Amarasi was a traditional princedom in West Timor, in present-day Indonesia. It had an important role in the political history of Timor during the 17th and 18th century, being a client state of the Portuguese colonialists, and later subjected to the Netherlands East Indies.
The origins of Amarasi are recounted in various legends. The oldest available version says that the dynastic line originated from Wehali, the traditional political navel of Timor in Belu. A member of a local family, Nafi Rasi, accidentally broke a valuable bowl and was forced too flee the wrath of his siblings. With his followers he went to Beboki-Insana to the north of Wehali, and thence to the south coast of West Timor.
There he founded a princedom with help of firearms that he had acquired in Beboki-Insana, which in turn lay close to the land of the Topasses (Portuguese mestizo population). Roaming groups from Belu arrived and strengthened the manpower of Nafi Rasi. In spite of its supposed Belunese origins, the population belonged to the Atoni group, speaking a dialect of Dawan.
European sources confirm that Amarasi was a powerful domain in western Timor by the early 17th century. It was influenced by Catholicism through Dominican missionaries in the 1630s, and turned an important client of the Portuguese Topasses. In consequence, Amarasi fought the Dutch East Indies Company (Vereenigde Oost-Indische Compagnie or VOC), which attempted to expand its power on Timor, attracted by the stands of commercially valuable sandalwood. A sizeable Dutch expedition led by Arnold de Vlaming van Oudshoorn (1656) was soundly defeated by Amarasi and the Topasses.
For almost a century after this event, Amarasi remained a Portuguese vassal, during much of the time fighting the Timorese clients of the VOC in the Kupang area in westernmost Timor. This was a low-scale warfare that took the form of headhunting raids. Amarasi was in fact counted as one of the principal props of Portuguese authority on Timor in this era.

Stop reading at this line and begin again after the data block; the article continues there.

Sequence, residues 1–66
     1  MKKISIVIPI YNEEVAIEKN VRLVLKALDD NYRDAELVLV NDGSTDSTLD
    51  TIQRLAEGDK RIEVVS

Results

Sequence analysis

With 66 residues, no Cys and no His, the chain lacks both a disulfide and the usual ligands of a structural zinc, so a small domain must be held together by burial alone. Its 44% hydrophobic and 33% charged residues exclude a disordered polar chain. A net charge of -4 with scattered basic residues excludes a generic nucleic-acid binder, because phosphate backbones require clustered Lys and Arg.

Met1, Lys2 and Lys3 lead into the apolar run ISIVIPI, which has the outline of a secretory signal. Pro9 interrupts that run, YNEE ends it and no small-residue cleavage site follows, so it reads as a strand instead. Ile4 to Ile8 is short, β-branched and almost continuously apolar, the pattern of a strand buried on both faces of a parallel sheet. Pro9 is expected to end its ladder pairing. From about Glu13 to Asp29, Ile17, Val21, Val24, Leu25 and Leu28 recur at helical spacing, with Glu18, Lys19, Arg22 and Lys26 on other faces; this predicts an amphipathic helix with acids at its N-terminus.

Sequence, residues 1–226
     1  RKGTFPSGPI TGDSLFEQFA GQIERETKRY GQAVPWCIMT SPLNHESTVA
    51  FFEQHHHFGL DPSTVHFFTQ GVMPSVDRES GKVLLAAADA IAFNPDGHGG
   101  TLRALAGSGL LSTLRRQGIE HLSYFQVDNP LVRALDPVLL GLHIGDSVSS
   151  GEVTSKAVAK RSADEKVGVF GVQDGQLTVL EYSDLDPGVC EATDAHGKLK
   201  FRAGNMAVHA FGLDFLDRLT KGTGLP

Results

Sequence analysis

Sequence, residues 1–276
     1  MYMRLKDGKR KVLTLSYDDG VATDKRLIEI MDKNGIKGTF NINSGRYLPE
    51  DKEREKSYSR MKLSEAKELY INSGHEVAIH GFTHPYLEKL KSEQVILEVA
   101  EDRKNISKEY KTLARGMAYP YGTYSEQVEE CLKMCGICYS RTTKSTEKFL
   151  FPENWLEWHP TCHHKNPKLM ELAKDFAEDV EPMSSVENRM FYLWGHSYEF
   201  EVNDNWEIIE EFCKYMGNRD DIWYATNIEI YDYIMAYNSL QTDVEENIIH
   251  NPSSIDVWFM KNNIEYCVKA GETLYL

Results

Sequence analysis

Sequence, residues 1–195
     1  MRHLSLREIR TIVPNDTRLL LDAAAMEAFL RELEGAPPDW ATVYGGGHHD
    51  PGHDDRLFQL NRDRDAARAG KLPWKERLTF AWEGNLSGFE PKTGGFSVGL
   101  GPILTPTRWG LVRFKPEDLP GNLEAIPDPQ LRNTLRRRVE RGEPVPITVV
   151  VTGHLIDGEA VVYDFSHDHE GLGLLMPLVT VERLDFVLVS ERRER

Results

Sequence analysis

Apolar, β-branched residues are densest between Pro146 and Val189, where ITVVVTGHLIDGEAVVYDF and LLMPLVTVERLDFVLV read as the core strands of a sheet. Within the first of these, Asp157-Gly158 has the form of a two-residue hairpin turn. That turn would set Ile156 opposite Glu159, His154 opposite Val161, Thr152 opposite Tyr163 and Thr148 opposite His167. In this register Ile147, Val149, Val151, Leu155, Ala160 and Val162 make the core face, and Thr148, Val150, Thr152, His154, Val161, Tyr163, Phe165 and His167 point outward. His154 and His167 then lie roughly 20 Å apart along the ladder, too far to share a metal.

In 1749 the Amarasi soldiers were pushed to participate in a large-scale military campaign led by the Topasses against the Dutch in Kupang. In the resulting Battle of Penfui the Topasses were routed by the VOC forces, while Amarasi fled the field and subsequently submitted to the VOC. After a short time, in 1752, Amarasi attempted to withdraw from the new Dutch suzerainty, and rejoin the Portuguese camp. However, the princedom was badly defeated by the other Dutch clients, its king committed suicide and a large part of the manpower was killed or enslaved. The remaining Amarasi congregation was allowed after some years to settle in its old lands. From this point, the weakened princedom remained attached to Dutch interests until the 1940s.
By the 1820s, Amarasi consisted of three parts: Buwarein under the main ruler (Nai Jufa Naek), Talba, and Houmen, the latter two under district lords (Nai Jufa). Later in the 19th century a further division resulted in five parts. The district lords were in practice the near-equals of the central ruler or raja, and were in turn dependent on the various Amaf (local headmen). In 1930 the population of Amarasi was 16,832 people, and its area was an estimated 740 square kilometers.
During the Japanese occupation of the Dutch East Indies (1942–1945) the raja of Amarasi, H.A. Koroh, was accused of collaborating with the Japanese, who recruited comfort women and conscript labourers (romusha) from the local population. After the Japanese capitulation in 1945, the raja kept a defiant attitude against the returning Dutch authorities.
In the first years after the achievement of Indonesian independence in 1949, the Amarasi princedom survived as a self-ruling territory or swapraja, until 1962, when the unitary Indonesian republic abolished traditional forms of governance in this region. Today Amarasi is included in the kabupaten (regency) Kupang, and constitutes the kecamatan (districts) Amarasi, Amarasi Barat, Amarasi Selatan, and Amarasi Timur. The centre of the region is the village Baun, where the last residence of the former rajas can still be seen.